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Revisiting the Kansas City Chiefs 2000 Draft

After going 13-3 in 1997, the seventh straight winning season for the franchise, the Chiefs went 7-9 (1998), 9-7 (1999), 7-9 (2000), 6-10 (2001) and 8-8 (2002). Few draft picks in those years made any impact on the team and many were busts, as you've seen in our other draft reviews. Growing up with the Chiefs in the 1990s, I consider a year like 2000 to be among the "dark" years. When the Chiefs were out of the playoffs early in the season, admittedly my interest would wane and I would follow them less.

Round 1 (21, 21) - Sylvester Morris, Jackson State, WR -- Sly Mo had a promising rookie campaign in 2000. He started fourteen games for the Chiefs and caught 48 passes for 678 yards and three touchdowns. But in the summer of 2001, while Morris was practicing with the Chiefs during off-season work outs, he tore his ACL. Morris was immediatley out for the 2001 season and was unable to make it back for 2002 as well, being put on injured reserve before the season even started. Then, in 2003 on the first day of training camp, Morris was injured again. This time, an MRI showed torn tissue in the back of his hip. Morris finished his career with a tryout in Tampa Bay. He never played in the NFL again.

The injuries Morris suffered seemed to be of the freak accident variety. The loss of first round picks like this was just devastating. You can't pin this "bust" on any group or person but the fact that Morris only had one productive season with the Chiefs gives this pick a near failing grade. Grade: D-

Notables taken recently after this pick: None

Round 2 (23, 54) - William Bartee, Oklahoma, DB -- Bartee spent six years playing in Kansas City. He played in 87 games over those six years. He became an UFA in 2004 but the Chiefs quickly scooped him back up and signed him to a four-year deal. Bartee also moved from corner to safey in 2005, a move he was comfortable with.

Off-season 2006 rolled around and the Chiefs signed Ty Law. Bartee gave Law his number, injured his Achilles and was promptly replaced by draft picks Bernard Pollard and Jarrad Page. And that quickly William Bartee was gone. The veteran player is out of football today.

With Bartee, the Chiefs got a versatile player who was able to start part time at safety and defensive back. Considering the lack of alternatives in the second round of this draft, the Chiefs got a decent amount of value out of this pick. Grade: C+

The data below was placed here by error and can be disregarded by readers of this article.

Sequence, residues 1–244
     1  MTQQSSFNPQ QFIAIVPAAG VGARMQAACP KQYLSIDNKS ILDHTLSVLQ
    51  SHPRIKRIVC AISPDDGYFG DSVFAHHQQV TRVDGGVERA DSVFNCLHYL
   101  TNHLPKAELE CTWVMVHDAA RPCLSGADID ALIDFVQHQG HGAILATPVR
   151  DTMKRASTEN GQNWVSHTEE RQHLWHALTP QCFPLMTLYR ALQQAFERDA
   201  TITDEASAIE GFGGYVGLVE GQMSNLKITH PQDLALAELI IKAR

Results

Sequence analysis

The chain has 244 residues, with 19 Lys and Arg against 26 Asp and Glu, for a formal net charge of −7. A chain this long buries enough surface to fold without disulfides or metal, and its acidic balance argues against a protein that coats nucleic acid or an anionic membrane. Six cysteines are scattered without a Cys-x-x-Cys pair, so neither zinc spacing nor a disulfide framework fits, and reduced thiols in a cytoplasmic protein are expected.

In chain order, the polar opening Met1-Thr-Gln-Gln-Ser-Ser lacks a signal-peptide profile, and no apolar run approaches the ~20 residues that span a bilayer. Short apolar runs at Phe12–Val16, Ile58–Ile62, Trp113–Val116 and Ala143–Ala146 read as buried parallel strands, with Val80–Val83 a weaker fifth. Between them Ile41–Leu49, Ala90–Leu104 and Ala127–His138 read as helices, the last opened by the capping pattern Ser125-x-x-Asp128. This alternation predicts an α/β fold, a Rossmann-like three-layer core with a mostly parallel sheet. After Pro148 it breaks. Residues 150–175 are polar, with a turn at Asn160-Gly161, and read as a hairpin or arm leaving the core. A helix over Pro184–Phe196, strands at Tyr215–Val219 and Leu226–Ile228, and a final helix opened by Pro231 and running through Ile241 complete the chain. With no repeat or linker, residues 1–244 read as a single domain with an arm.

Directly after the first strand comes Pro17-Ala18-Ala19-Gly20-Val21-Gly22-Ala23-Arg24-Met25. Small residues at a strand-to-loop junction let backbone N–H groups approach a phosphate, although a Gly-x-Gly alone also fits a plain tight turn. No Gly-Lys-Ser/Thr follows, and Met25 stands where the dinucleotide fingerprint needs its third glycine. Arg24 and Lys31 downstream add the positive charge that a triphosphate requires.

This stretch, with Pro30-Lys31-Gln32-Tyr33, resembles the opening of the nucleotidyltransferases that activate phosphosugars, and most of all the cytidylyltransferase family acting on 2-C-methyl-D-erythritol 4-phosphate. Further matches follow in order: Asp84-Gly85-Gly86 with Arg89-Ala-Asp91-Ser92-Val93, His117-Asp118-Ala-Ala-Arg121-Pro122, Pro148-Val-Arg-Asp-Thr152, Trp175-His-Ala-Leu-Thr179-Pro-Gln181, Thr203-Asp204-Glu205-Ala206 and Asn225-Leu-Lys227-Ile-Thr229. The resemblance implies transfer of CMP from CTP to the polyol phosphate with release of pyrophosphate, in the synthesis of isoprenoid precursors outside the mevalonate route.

Notables taken recently after this pick: LB Marcus Washington

(AP Photo/Lenny Ignelzi)
Round 3 (23, 85) - Greg Wesley, Arkansas-Pine Bluff, DB -- There were a fair amount of people who thought Wesley had a bad year last year but I would argue was just as effective if not more effective than Jarrad Page and Bernard Pollard when he got to play. Different rumors around the internet say the Chiefs have been looking to trade Wesley since last year. A seven-year veteran of the Chiefs, Wesley is a player whose time has come in Kansas City, not unlike Sammy Knight last year. We have two young safeties now and are going to give them a chance to play.

Wesley has started 103 of the 118 games he's played in. That's solid mileage for a 3rd round pick. Grade: B

Notables taken recently after this pick: None

Round 4 (21, 115) - Frank Moreau, Louisville, RB -- In 2000, Moreau played part time for ten games. This was the period of the Chiefs vaunted running back by committee. In 2000, Tony Richardson got the majority of the team's carries (he was a fullback!) with Kimble Anders and Frank Moreau bringing up the rear. Don't forget about Mike Cloud or Donnell Bennett, who had a few carries of their own.

Moreau appeared to be nothing more than a warm body that could fill in for the Chiefs' running back by committee. Next season, Priest Holmes destroyed any notion that another back should share carries when he rushed for 1,555 yards. Moreau was off the team by then, played a few games with Jacksonville and called it quits for his career. Grade: C-

Notables taken recently after this pick: None

Round 5 (24, 153) - Dante Hall, Texas A&M, RB -- Talk about your all-time great fifth round picks. The Chiefs drafted one of the (Damn you Devon Hester!) greatest return men all time in Dante Hall. No need for details here. We're all aware of Hall's accomplishments. Grade: A

Notables taken recently after this pick: None

Round 5 (33, 162) - Patrick Dennis, Louisiana-Monroe, DB -- A compensatory pick for the Chiefs, Dennis actually started thirteen games for the Chiefs in his rookie year. The next year he started none and hasn't started an NFL game for the rest of his career. Definitely a journeyman, Dennis has played for the Chiefs, Cowboys, Texans and Redskins. The Chiefs took a chance with a compensatory pick and almost got a full season of starts out of Dennis. Not great but not terrible. Grade: C

Notables taken recently after this pick: QB Marc Bulger, K Neil Rackers

Round 6 (22, 188) - Darnell Alford, Boston College, G -- Alford's career is not unlike many sixth round picks not named Tom Brady. He was signed on and released from the Chiefs' practice squad twice over the course of three years. He's spent considerable time on at least four teams' practice squads. Alford's career seems to be defined by being picked up in the off-season and cut before the regular season starts. Grade: D

Notables taken recently after this pick: QB Tom Brady

Round 7 (2, 208) - Desmond Kitchings, Furman, WR -- A part-time special teams guy for two seasons. He now coaches running backs at Vanderbilt. Grade: F

Notables taken recently after this pick: None

Overall Draft Grade: C+